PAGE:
Adventures in the Job Market
Why Are Job Ads Written Like I’m Being Sold a Car?
I haven't applied for a job for nearly fifteen years. All the jobs I’ve had over the past one and a half decades have been by word-of-mouth or through contacts.
I’m not a high-flyer by any stretch of the imagination — I’m a groundsman in France — but I’ve always felt this is the best way to get a job. Bide your time and wait for the opportunity to arise. Instead of spending months and months applying for jobs, most of which you’re never going to get.
For me, this seems like a colossal waste of time. Especially those tedious applications that don’t allow you to apply directly with a CV or a letter. I once applied for a job with the British Council. A vast encyclopedic application form that took me a whole week to fill in. After I’d sent it off, I never heard a word from them, and vowed never to fill one in again.
So I surprised myself the other day when I found myself scrolling through job ads on various agency websites. I’ve been in this job four years now, so I’m due a change, and as it was raining, I decided to see what was out there.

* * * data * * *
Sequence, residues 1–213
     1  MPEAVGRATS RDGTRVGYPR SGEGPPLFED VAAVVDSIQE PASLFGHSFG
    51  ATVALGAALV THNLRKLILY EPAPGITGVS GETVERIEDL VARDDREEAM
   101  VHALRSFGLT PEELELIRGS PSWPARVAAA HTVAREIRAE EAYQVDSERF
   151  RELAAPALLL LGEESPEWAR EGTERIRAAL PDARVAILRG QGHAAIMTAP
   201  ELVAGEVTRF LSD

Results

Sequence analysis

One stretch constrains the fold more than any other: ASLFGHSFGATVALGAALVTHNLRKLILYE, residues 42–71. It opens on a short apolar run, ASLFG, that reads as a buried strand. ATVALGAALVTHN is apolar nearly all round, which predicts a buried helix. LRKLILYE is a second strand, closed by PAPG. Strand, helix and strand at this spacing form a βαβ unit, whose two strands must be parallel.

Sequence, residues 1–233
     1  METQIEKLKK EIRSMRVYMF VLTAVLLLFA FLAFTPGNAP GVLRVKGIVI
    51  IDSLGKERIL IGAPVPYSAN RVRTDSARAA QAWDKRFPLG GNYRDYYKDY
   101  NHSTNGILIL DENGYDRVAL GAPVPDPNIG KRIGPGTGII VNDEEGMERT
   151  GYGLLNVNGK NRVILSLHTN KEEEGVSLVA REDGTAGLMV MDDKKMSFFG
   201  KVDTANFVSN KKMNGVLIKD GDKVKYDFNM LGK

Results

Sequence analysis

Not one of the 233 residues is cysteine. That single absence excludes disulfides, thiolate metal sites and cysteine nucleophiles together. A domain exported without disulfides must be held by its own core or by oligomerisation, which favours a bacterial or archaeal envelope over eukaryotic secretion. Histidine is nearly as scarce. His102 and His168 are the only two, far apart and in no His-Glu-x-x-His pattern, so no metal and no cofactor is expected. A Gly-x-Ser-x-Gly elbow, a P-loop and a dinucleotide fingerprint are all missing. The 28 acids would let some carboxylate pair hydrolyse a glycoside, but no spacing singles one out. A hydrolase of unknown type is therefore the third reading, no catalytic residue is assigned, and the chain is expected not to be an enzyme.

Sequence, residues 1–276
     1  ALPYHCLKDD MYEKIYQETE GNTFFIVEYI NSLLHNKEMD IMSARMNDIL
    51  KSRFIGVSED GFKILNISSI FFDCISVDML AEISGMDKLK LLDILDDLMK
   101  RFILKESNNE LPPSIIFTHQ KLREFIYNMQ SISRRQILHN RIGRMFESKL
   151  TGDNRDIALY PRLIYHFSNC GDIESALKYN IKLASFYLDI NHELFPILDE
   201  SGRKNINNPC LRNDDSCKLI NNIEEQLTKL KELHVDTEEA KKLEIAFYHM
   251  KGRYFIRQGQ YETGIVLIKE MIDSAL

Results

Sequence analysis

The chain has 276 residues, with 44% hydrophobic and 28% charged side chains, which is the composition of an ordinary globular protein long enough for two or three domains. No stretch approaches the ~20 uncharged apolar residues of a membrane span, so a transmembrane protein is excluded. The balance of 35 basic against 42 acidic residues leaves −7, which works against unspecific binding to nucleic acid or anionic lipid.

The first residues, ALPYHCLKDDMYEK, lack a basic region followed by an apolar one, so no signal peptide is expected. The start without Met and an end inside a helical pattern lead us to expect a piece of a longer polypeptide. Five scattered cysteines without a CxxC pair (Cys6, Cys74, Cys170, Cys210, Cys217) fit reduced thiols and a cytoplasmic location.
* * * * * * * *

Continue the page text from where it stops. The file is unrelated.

There were a lot of jobs in my sector — more than I thought — but they all had one thing in common. Every line of the job description seemed to be using language that might be used to sell me insurance, socks, or a car.
One such job in Yvelines near Paris working on a large estate, read:
— Improve the quality of your life — join us!
— Unrivalled training and guidance.
— Superb promotional and career advancement opportunities.
—Discover the future of estate management.
— Exceptional competitive salary.
— High Spec accommodation included.
— Apply below. You won’t be disappointed!
God! By the time I’d finished reading it, I was exhausted. Felt like I had read a leaflet on becoming an astronaut, rather than an ad for a guy to cut the lawn.